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In an astounding 2-year turnaround, Ohio Gov. John Kasich's administration has turned a gaping $8 billion Ohio biennial budget deficit into an estimated $408 million surplus for fiscal 2013. The surplus estimated excludes an anticipated $500 million windfall to the state from JobsOhio, the controversial nonprofit corporation that the Kasich administration set up as a privatized agency for economic development in the state.
JobsOhio - Round Peg in a Square Hole?
JobsOhio was conceived to drive greater speed and efficiency in helping the Ohio economy to grow, as Kasich thought the need for a change to be compelling in view of the state's dismal business and jobs outlook when he began his gubernatorial term. Not surprisingly, JobsOhio has faced a flurry of legal and constitutional challenges from the political left, mainly questioning the integrity of a private entity's stewardship of public interests and related themes. Whatever the merits of these challenges, the new agency has weathered the storms, and it looks like it's sufficiently viable to remain a permanent fixture.
State profits in liquor sales will be the new agency's ongoing funding source, and this is the reason for the still-to-come $500 million up-front payment, which has been pending litigation. So the state will get the money sooner or later, which will bring the surplus close to $1 billion. Wow!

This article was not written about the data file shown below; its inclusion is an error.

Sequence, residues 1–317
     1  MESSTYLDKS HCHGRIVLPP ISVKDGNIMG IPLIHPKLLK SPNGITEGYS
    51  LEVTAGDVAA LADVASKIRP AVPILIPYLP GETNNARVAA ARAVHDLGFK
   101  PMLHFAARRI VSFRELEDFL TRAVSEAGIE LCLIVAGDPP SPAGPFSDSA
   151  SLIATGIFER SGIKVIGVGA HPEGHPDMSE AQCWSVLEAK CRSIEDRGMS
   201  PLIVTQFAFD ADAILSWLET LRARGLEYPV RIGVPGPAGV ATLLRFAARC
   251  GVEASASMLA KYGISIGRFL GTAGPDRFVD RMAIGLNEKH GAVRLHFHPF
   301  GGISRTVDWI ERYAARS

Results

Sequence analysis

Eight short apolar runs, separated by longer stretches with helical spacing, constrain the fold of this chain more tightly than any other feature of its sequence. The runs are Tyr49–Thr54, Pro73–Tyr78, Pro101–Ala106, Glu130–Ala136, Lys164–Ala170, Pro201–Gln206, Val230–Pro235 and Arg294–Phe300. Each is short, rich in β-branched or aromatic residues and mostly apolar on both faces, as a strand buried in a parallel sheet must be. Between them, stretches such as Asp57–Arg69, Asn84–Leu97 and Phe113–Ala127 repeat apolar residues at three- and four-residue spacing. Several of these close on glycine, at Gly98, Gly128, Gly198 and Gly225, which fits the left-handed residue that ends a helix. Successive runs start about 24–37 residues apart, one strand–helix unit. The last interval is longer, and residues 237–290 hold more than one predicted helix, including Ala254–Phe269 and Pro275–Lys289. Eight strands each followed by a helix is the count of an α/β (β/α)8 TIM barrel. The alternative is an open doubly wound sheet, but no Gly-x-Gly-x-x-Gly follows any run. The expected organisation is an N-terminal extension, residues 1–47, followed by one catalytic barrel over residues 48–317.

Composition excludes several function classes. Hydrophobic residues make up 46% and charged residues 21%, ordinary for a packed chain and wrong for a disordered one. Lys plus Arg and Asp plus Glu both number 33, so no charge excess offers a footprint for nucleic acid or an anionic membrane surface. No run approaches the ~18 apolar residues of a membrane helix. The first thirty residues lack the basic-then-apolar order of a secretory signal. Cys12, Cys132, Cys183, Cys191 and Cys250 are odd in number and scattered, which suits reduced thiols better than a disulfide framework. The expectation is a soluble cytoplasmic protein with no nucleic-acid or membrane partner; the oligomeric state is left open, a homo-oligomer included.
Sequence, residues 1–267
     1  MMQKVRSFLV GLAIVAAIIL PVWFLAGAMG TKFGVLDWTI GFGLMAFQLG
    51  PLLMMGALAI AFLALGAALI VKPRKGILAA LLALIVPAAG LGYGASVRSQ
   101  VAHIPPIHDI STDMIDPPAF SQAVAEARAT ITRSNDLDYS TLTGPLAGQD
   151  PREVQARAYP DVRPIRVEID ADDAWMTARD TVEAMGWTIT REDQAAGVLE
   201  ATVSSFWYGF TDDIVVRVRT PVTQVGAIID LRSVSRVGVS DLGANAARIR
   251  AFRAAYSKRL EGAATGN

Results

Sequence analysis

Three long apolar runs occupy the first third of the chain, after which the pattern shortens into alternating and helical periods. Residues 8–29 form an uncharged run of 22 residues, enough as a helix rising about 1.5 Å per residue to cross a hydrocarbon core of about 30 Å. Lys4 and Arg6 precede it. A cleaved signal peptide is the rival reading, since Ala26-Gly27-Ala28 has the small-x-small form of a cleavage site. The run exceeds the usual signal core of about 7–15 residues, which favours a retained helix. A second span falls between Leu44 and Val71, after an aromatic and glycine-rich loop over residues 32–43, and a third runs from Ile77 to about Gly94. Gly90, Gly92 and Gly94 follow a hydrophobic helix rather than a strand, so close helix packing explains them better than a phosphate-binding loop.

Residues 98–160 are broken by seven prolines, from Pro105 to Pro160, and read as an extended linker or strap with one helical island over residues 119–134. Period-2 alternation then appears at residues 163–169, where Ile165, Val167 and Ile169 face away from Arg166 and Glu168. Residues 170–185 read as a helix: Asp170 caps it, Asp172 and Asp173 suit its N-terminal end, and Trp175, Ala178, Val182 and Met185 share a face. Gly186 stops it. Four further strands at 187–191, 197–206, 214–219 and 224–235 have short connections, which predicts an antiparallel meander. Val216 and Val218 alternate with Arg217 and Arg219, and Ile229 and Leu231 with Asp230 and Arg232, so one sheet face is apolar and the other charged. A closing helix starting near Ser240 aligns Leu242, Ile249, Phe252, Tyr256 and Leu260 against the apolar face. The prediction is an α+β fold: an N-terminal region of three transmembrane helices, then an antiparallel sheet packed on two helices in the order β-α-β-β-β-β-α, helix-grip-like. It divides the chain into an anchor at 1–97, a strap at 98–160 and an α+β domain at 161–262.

Oh Goody... A Surplus! But Who Gets the Bacon?
But even beyond the specter of private outfits getting into the mix of "public" work - unthinkable to Dems in the Statehouse - the Dems ask: Isn't it appropriate to distribute these much needed funds where they are sorely needed? After all, they say, $1.4 billion of this surplus was built on budget cuts imposed on struggling local school systems and local governments. The Dems make a good argument for this.
But the answer is NO! - Absolutely not! In the interest of taxpayers and reducing state income tax rates in particular, Kasich is compelled to circle the wagons in these uncertain times and hold on to the $1 billion booty. Right or wrong, reducing tax rates and the size of state government is Kasich's mantra, whatever the collateral damage. Let's not forget - This is what he explicitly promised when he ran for office, and Ohioans elected him to do just that.
But this also explains state Senate Dem leadership's beef with Kasich as a results-oriented "scorched earth" nemesis. Still, it's hard to argue with results, which have been faring better on the state level since Kasich started at the helm. Business activity is up, tax revenues are above estimates, and state unemployment is lower than the national average. In fairness, these are the results that matter not just to Kasich, but to many constituents. That said, it's just as easy to point out that these are the kinds of numbers governors are graded on, especially people like Kasich, whose long-range political aspirations likely extend well beyond Ohio's borders to the national stage.
All Eyes on Ohio
As the national election drama scene unfolds, Kasich and Ohio will take center stage at the GOP convention and the rest of the campaign. For better or worse, in the minds both of those who love him and those who hate him, Kasich's chemistry perhaps best fits the stereotype of a GOP leader. This is why his role in shaping the Republican image is a key element in the mix of factors that will affect voter sentiments and election results in November.
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